Here is a photograph that fits in the “long time in taking” category, definitely not a “decisive moment”.
At last I have my French drivers license, three years after the photograph was exposed!
There is in fact a “Slow Photography Movement” where people are not into snapping using burst mode on their digital cameras, but rather focus on working slower, the physical aspects of the photograph and documentation that extends the story of the image.
One photographer apparently uses film cameras only and waits several months before developing the film so as to extend the process. I can not locate source information on this at present so would appreciate feedback from anyone who knows about this.
Henri Cartier Bresson is known for focusing on the “Decisive Moment” when subject, photographer and equipment all came together at the instant of pressing the shutter to create a unique image.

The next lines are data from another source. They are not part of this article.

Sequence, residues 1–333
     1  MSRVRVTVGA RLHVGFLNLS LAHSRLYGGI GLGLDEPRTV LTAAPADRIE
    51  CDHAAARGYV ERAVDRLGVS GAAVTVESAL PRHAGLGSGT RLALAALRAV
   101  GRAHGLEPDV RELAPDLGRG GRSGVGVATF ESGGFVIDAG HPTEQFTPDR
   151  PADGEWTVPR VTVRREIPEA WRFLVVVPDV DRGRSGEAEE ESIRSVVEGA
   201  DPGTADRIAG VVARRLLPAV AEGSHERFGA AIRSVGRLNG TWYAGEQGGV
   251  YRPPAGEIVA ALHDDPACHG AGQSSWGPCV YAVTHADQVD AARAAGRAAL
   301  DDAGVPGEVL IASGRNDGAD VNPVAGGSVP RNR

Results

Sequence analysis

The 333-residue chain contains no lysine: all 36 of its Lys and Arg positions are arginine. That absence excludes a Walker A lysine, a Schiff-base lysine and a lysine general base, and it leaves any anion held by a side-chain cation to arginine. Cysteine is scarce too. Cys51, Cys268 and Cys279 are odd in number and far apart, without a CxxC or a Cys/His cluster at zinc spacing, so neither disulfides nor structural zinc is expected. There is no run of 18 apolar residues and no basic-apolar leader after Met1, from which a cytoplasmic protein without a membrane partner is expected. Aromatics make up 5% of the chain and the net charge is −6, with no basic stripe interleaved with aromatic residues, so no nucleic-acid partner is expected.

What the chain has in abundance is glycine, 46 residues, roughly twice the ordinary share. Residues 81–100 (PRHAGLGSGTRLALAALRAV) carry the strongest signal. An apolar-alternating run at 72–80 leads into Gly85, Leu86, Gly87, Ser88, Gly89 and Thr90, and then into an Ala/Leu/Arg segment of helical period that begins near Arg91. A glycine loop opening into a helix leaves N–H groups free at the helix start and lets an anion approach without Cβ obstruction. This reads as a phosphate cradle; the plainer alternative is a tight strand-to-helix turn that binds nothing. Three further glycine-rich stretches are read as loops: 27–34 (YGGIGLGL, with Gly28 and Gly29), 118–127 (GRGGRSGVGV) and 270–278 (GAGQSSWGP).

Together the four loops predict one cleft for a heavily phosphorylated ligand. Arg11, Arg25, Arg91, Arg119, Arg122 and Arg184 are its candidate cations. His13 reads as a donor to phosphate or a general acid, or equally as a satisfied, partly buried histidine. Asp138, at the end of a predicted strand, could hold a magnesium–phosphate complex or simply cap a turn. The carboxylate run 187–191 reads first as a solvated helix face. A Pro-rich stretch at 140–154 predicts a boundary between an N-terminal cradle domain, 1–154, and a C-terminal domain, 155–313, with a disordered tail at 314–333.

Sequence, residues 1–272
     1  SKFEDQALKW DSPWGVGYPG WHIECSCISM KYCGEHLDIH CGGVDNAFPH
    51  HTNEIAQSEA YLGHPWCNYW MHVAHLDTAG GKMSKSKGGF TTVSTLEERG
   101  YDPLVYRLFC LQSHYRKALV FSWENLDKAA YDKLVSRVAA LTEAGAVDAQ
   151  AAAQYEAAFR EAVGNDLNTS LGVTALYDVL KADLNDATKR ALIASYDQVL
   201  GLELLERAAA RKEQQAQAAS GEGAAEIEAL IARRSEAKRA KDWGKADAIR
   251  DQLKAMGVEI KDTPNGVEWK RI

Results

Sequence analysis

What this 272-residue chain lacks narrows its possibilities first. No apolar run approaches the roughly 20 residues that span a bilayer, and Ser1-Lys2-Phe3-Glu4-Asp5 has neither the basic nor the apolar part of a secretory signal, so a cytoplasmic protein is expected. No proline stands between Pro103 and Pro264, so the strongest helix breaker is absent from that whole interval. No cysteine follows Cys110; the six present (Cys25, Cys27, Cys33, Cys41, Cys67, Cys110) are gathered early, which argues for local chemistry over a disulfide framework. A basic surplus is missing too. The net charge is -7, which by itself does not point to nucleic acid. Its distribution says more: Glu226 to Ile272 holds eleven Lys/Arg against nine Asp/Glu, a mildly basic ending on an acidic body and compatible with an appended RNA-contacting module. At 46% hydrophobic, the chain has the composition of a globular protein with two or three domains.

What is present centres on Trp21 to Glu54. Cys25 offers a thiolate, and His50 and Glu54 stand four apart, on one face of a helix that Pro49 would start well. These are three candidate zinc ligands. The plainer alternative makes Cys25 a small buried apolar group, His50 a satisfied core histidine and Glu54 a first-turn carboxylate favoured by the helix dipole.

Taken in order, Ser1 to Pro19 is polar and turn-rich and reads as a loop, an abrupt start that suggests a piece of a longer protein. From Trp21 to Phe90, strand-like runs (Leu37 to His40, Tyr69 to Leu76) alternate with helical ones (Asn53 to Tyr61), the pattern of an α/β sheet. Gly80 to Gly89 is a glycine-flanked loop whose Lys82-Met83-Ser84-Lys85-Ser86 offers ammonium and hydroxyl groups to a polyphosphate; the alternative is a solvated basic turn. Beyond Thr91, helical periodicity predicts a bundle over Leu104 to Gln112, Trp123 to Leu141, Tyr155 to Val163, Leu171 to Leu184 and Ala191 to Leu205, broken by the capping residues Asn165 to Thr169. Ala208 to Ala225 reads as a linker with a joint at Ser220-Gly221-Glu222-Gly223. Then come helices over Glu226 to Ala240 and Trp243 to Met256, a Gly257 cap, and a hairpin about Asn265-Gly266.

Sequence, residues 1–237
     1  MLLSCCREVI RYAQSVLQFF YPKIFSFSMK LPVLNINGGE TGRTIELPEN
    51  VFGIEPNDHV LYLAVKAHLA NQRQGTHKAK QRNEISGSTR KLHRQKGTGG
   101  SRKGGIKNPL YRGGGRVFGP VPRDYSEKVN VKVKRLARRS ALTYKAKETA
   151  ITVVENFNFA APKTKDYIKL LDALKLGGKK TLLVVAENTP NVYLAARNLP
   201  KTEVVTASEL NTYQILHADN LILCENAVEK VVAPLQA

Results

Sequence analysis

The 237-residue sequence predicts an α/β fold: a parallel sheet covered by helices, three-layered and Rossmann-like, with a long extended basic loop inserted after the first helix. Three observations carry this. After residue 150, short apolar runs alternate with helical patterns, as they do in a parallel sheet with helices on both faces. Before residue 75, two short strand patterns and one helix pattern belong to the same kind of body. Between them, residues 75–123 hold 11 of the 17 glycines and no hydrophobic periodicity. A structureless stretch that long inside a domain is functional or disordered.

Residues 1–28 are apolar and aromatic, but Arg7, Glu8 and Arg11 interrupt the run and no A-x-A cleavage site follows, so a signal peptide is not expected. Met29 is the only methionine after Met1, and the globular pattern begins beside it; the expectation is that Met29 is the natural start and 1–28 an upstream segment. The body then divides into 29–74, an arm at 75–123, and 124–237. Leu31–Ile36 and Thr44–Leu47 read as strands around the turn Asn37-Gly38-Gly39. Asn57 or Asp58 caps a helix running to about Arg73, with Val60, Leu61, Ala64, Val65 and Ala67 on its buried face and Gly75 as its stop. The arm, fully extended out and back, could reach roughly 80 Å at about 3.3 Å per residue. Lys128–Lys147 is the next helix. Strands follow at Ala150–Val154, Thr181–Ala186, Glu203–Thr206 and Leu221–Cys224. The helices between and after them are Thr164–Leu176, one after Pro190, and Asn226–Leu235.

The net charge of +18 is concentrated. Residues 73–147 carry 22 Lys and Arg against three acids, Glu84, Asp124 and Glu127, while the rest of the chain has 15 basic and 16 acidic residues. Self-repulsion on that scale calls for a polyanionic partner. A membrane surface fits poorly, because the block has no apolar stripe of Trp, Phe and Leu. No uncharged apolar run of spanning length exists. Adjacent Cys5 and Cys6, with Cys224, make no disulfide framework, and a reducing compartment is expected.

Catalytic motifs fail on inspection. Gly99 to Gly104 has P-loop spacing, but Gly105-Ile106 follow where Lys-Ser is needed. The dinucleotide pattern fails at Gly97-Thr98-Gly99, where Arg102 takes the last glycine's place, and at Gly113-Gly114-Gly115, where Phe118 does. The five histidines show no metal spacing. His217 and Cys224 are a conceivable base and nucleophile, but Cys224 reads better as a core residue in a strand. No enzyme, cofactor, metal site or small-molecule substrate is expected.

I personally prefer something in the middle, although I have found myself taking several shots of what looks like a good image just in case they are better than my first attempt.
This looks rather dull on the blog so to lighten it up here is the current free image from my poster site.
A few days ago I spent some time waiting in the parking area of an amazingly complicated shopping area in Paray-le-Monial. This pair of shadowy spectators watching a wheel chair race was the first interesting photo I took. What is casting the second shadow?
When you have time to look there is always much more to see than you would think! On this day the first thing that struck me was the bright colours and that I had seen this before – not through deja vu but because through my viewfinder. .
Going back into my library, I found a photo taken just over a year before on 16 October 2020.
A wider crop of the first photograph shows same autumn colours and red lampposts but adds a range of blues in the sky, parking, road signs and building.
It also shows raw obscured sign than cast the second shadowy figure.